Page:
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Exotic snakes are not always found in exotic places: how poison centres can assist emergency departments
  1. Carol Lubich,
  2. Edward P Krenzelok
  1. Pittsburgh Poison Center, University of Pittsburgh Medical Center, Schools of Pharmacy and Medicine, University of Pittsburgh, Pennsylvania, USA
  1. Professor Edward P Krenzelok, Pittsburgh Poison Center, University of Pittsburgh Medical Center, Schools of Pharmacy and Medicine, University of Pittsburgh, PA 15213, USA; krenzelokep{at}upmc.edu

Abstract

Emergency departments throughout the USA may have some familiarity with the management of envenomation from indigenous snake species such as Crotalinae (rattlesnakes) and Micrurus (coral snakes). However, venomous species may include exotic reptiles whose bites pose substantial treatment challenges due to both a lack of experience and the difficulty in obtaining antivenoms. Two pet cobra envenomation incidents illustrate the challenges that face emergency departments, especially in urban settings, that are confronted with these exposures. It is important for emergency departments to be aware of the large underground presence of exotic venomous reptile pets and to utilise the expertise of regional poison centres that will also assist in the procurement of exotic antivenoms.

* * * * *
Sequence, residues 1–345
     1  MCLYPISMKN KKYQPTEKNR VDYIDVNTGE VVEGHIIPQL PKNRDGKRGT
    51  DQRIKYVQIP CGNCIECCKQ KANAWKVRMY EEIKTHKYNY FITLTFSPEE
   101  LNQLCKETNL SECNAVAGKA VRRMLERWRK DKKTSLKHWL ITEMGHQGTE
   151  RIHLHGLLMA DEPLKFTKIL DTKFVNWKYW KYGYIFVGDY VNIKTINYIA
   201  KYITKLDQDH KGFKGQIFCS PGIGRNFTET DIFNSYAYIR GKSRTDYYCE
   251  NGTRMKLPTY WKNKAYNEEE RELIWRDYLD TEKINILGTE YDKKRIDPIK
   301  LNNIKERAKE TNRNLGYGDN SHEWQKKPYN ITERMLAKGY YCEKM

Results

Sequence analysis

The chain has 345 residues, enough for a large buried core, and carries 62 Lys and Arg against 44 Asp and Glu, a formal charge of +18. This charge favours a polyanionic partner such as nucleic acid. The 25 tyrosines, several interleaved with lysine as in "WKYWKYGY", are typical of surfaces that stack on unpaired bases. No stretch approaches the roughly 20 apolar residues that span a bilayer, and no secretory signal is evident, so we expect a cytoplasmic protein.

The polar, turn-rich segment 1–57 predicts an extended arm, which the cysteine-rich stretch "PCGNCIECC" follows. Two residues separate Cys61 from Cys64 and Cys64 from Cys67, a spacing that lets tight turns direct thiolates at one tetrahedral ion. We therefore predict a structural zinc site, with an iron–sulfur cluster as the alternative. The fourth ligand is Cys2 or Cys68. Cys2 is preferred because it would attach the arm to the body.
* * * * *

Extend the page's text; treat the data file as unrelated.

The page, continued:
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  • Competing interests: none

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